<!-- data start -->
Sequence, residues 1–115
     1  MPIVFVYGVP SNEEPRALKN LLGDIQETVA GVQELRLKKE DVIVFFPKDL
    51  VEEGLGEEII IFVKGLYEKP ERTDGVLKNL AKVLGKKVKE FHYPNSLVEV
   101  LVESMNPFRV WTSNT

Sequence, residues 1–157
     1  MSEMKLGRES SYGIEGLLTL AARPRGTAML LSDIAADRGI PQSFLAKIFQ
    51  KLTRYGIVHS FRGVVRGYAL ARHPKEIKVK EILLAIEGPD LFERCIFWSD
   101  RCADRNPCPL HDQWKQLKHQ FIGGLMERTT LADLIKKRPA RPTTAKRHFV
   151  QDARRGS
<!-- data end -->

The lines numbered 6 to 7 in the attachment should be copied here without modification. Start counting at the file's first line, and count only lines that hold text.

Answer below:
     1  MSEMKLGRES SYGIEGLLTL AARPRGTAML LSDIAADRGI PQSFLAKIFQ
    51  KLTRYGIVHS FRGVVRGYAL ARHPKEIKVK EILLAIEGPD LFERCIFWSD